Widespread media coverage of new effort to hold China accountable for illegal trade subsidies
In new reports released today, a coalition of groups including the Alliance for American Manufacturing (AAM) made the case for action on China's illegal subsidies and currency manipulation, which have unduly harmed the U.S. auto parts sector.
More than 1.6 million U.S. auto parts jobs are at risk due to China's predatory trade practices, with more than 400,000 U.S. auto supply jobs lost over the last decade.
Following a Capitol Hill press conference, a number of key news outlets covered the new reports, which AAM intends to use in efforts to urge action by the Obama Administration.
Reuters correspondent Doug Palmer quoted Senator Debbie Stabenow (D-MI) on the "need to stand up to the bully on the block." At the Capitol Hill press conference, Stabenow said China "continues to take our lunch money and we need to stop that." Palmer also cited AAM Executive Director Scott Paul's view that the auto parts case presents a new litmus test for the president. In the 'State of the Union,' President Obama had vowed to step up efforts to rebuild U.S. manufacturing ,to which Paul responded:
"Today, we're providing the president with his first opportunity to deliver on the promise to guarantee a level playing field."
In the Detroit News, David Shepardson said "U.S. jobs are at risk unless China's illegal trading practices are curtailed." Shepardson also quoted AAM's Scott Paul:
"China's blatant use of illegal government subsidies and a web of predatory trade practices on a massive scale are undercutting companies in the U.S. auto supply chain. It's essential that federal action be taken to challenge these abuses before they completely undermine the job recovery underway in the U.S. auto industry."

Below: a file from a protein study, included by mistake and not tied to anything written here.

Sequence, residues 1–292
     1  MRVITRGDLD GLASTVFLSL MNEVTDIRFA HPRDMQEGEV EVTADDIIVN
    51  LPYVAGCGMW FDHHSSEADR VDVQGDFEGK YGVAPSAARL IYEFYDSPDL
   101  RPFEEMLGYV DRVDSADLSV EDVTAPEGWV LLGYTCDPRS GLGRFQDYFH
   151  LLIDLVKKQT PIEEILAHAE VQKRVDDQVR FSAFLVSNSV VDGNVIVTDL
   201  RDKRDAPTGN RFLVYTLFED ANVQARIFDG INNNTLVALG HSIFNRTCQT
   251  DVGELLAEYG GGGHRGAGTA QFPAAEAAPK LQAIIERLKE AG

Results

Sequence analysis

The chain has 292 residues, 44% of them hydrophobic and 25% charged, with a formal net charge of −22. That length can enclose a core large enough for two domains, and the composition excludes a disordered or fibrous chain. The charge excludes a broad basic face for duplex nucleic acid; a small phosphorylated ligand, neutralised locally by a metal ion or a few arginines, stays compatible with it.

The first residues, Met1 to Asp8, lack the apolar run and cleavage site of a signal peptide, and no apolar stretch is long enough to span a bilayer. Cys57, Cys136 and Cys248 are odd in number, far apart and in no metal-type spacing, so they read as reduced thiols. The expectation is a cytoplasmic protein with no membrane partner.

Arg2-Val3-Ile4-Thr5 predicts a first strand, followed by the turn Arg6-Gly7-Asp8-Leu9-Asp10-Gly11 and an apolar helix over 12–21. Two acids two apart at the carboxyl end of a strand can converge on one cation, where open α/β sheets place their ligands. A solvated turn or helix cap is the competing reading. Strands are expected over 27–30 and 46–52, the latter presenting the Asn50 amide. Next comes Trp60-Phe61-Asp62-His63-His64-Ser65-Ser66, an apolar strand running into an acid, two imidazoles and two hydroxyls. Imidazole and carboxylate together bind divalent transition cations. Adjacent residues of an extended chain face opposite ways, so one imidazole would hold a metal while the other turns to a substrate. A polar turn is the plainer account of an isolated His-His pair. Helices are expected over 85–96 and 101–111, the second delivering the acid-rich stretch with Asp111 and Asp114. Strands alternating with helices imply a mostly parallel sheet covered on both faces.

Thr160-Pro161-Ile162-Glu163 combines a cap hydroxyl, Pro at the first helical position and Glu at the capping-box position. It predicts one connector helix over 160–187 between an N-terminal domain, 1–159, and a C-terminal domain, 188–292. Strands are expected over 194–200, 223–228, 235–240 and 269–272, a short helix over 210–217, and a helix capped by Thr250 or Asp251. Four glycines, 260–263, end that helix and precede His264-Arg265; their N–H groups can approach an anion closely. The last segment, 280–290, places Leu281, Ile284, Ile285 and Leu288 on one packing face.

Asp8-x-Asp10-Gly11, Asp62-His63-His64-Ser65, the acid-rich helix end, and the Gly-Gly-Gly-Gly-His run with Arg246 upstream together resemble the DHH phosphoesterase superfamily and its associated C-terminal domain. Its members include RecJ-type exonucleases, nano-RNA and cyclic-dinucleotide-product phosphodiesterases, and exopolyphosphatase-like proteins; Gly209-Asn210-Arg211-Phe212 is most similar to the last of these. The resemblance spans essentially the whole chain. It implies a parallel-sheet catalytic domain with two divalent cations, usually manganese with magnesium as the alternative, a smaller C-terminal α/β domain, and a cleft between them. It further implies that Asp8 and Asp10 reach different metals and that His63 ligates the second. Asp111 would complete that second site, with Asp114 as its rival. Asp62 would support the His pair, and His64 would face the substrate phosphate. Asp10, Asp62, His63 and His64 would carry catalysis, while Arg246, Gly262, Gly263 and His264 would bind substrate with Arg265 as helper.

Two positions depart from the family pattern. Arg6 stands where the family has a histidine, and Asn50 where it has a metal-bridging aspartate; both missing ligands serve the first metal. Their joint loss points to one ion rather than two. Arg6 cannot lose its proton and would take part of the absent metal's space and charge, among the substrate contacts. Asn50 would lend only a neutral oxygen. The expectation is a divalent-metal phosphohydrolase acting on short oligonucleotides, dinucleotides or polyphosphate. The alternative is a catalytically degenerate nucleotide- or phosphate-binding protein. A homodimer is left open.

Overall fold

The Los Angeles Times' Matt Stevens focused on the more than 70,000 jobs in California's auto supply chain that are at risk. Stevens quoted Scott Paul on China's predatory trade efforts:
“...these practices have had, and continue to have, a detrimental effect on employment and competitiveness in a key U.S. industry — the auto supply industry.”
Agence France Presse's Paul Handley took a wide view of the reports' potential impact in pressing for trade action. Handley described efforts of AAM and others as "a campaign to press for trade action against Beijing" in order to challenge "Chinese subsidies [that] threaten to reverse the comeback of the US auto industry." Handley quoted Paul on the potential for governmental action:
"It's essential that federal action be taken to challenge these abuses before they completely undermine the job recovery under way in the US auto industry."
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